Menadione is an organic compound with the formula C6H4(CO)2C2H(CH3). It is an analog of 1,4-naphthoquinone with a methyl group in the 2-position.[2] It is occasionally used as a nutritional supplement in animal feed because of its vitamin K activity.

IUPAC name
Other names
Menaphthone; Vitamin K3; β-Methyl-1,4-naphthoquinone; 2-Methyl-1,4-naphthodione; 2-Methyl-1,4-naphthoquinone
3D model (JSmol)
ECHA InfoCard 100.000.338
Molar mass 172.183 g·mol−1
Appearance Bright yellow crystals
Density 1.225g/cm3
Melting point 105 to 107 °C (221 to 225 °F; 378 to 380 K)
B02BA02 (WHO)
Flash point 113.8 °C (236.8 °F; 386.9 K)
Lethal dose or concentration (LD, LC):
0.5 g/kg (oral, mouse)
Except where otherwise noted, data are given for materials in their standard state (at 25 °C [77 °F], 100 kPa).
N verify (what is YN ?)
Infobox references


It is sometimes called vitamin K3,[3] although derivatives of naphthoquinone are not naturally occurring chemicals and therefore do not qualify as vitamins, and without the side chain in the 2-position (which, as the methyl group is retained in vitamin K, in the structural formula of menadione is the unsubstituted 3-position) they cannot exert all the functions of the K vitamins. Menadione is metabolized by the human body into K2 which uses alkylation to yield menaquinones (MK-n, n=1–13; K2 vitamers), hence is better classified as a provitamin.

It is also known as menaphthone.[4]


It is an intermediate in the chemical synthesis of vitamin K by first reduction to the diol menadiol, which is susceptible to coupling to the phytol.[5]

Despite the fact that it can serve as a precursor to various types of vitamin K, menadione is generally not used as a nutritional supplement in economically developed countries. Menadione for human use at pharmaceutical strength is available in some countries with large lower income populations. It is used in the treatment of hypoprothrombinemia outside of the United States.


Large doses of menadione have been reported to cause adverse outcomes including hemolytic anemia due to glucose-6-phosphate dehydrogenase deficiency, neonatal brain or liver damage, or neonatal death in some rare cases. In the United States, menadione supplements are banned by the U.S. Food and Drug Administration because of their potential toxicity in human use.

Low-dose menadione is still used as an inexpensive micronutrient for livestock in many countries. Forms of menadione are also included in some pet foods in developed countries as a source of vitamin K. These doses have yielded no reported cases of toxicity from menadione in livestock or pets. Although handling may be hazardous, the European Food Safety Authority found in 2013 that it is an effective source of vitamin K in animal nutrition that does not pose a risk to the environment.[6]


Menadione in combination with vitamin C has been investigated for the treatment for prostate cancer.[7][8]


  1. The Merck Index, 11th Edition, 5714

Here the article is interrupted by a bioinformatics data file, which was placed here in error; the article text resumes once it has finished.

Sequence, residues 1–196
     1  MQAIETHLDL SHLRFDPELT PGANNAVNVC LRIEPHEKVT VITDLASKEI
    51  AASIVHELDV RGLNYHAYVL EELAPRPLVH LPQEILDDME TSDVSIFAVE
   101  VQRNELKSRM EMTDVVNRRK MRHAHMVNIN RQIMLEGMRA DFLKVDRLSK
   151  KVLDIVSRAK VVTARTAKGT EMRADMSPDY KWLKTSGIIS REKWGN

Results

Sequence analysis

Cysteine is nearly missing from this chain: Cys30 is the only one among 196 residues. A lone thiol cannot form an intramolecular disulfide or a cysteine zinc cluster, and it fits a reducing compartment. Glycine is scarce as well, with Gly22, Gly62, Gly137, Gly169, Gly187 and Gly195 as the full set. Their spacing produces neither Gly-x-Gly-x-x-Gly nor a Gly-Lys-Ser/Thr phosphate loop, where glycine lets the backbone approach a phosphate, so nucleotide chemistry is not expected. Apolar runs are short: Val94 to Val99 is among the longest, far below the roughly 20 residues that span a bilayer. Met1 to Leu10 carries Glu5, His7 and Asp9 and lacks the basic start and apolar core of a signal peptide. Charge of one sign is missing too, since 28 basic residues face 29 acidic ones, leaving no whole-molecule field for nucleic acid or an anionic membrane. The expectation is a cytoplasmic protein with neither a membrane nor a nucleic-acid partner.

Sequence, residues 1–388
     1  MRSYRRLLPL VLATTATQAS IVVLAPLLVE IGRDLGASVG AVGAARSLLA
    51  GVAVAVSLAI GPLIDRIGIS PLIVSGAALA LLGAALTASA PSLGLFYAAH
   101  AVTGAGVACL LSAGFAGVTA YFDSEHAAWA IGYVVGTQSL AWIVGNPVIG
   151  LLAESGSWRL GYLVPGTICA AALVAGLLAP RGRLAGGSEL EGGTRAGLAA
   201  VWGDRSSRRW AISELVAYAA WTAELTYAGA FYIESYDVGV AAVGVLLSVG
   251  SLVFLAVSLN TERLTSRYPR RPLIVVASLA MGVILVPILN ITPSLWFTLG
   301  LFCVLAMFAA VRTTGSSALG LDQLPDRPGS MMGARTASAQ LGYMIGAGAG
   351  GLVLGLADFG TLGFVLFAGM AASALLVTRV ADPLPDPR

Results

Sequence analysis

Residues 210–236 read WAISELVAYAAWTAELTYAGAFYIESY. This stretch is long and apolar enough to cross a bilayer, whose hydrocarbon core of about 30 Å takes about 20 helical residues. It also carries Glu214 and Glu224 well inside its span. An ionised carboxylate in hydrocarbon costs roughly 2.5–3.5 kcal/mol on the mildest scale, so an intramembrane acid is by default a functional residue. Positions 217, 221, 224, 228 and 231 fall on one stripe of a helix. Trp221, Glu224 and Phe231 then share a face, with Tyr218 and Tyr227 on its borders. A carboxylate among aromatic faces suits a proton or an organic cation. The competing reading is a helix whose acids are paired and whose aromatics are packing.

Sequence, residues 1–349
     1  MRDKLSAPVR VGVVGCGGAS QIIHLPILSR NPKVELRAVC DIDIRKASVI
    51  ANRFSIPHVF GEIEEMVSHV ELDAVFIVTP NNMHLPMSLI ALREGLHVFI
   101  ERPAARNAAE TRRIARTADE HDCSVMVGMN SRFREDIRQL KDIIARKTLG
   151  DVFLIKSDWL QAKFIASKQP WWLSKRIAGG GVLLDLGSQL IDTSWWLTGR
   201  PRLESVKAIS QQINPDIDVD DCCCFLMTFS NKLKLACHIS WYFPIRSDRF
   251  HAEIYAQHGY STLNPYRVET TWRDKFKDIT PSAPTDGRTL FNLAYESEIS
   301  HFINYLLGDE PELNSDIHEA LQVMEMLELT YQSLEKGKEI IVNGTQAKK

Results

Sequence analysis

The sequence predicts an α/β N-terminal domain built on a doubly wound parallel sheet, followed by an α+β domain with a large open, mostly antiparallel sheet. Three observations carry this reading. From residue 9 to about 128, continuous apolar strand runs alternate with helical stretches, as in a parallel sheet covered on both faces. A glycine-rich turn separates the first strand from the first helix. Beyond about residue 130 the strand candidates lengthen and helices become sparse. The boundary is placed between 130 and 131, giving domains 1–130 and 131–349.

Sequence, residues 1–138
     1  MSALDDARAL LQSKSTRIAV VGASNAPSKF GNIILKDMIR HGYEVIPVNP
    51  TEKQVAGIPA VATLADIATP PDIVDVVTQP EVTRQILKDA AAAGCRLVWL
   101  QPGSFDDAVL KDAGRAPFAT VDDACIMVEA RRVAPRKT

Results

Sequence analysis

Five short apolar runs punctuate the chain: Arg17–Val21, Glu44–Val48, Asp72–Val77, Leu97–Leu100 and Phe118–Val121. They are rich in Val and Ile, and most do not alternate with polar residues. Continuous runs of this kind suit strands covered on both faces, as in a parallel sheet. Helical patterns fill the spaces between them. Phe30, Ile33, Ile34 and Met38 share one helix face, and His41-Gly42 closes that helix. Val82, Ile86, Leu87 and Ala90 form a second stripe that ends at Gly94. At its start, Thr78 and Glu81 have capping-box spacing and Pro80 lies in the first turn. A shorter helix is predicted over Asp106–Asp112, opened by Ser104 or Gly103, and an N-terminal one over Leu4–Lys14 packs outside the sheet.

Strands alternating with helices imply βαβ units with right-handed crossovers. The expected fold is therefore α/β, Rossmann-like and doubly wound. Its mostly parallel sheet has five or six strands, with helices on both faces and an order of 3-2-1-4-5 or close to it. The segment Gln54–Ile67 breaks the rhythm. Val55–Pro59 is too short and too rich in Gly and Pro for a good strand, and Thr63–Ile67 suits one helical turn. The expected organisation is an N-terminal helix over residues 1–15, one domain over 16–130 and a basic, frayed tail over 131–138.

2. Castro FA, Mariani D, Panek AD, Eleutherio EC, Pereira MD (2008). Fox (ed.). "Cytotoxicity mechanism of two naphthoquinones (menadione and plumbagin) in Saccharomyces cerevisiae". PLOS ONE. 3 (12): e3999. Bibcode:2008PLoSO...3.3999C. doi:10.1371/journal.pone.0003999. PMC 2600608. PMID 19098979.
  3. Scott GK, Atsriku C, Kaminker P, Held J, Gibson B, Baldwin MA, Benz CC (September 2005). "Vitamin K3 (menadione)-induced oncosis associated with keratin 8 phosphorylation and histone H3 arylation". Molecular Pharmacology. 68 (3): 606–15. doi:10.1124/mol.105.013474. PMID 15939799.
  4. "Vitamin K". Retrieved 2009-03-18.
  5. Weber F, Rüttimann A (2012). "Vitamin K". Ullmann's Encyclopedia Of Industrial Chemistry. Weinheim: Wiley-VCH. doi:10.1002/14356007.o27_o08.
  6. EFSA Panel on Additives and Products or Substances used in Animal Feed (FEEDAP) (January 2014). "Scientific Opinion on the safety and efficacy of vitamin K3 (menadione sodium bisulphite and menadione nicotinamide bisulphite) as a feed additive for all animal species". EFSA Journal. 12 (1): 3532. doi:10.2903/j.efsa.2014.3532.
  7. Jamison JM, Gilloteaux J, Taper HS, Summers JL (January 2001). "Evaluation of the in vitro and in vivo antitumor activities of vitamin C and K-3 combinations against human prostate cancer". The Journal of Nutrition. 131 (1): 158S–160S. doi:10.1093/jn/131.1.158S. PMID 11208954.
  8. Tareen B, Summers JL, Jamison JM, Neal DR, McGuire K, Gerson L, Diokno A (March 2008). "A 12 week, open label, phase I/IIa study using apatone for the treatment of prostate cancer patients who have failed standard therapy". International Journal of Medical Sciences. 5 (2): 62–7. doi:10.7150/ijms.5.62. PMC 2288789. PMID 18392145.
  • Menadione in the Pesticide Properties DataBase (PPDB)
This article is issued from Wikipedia. The text is licensed under Creative Commons - Attribution - Sharealike. Additional terms may apply for the media files.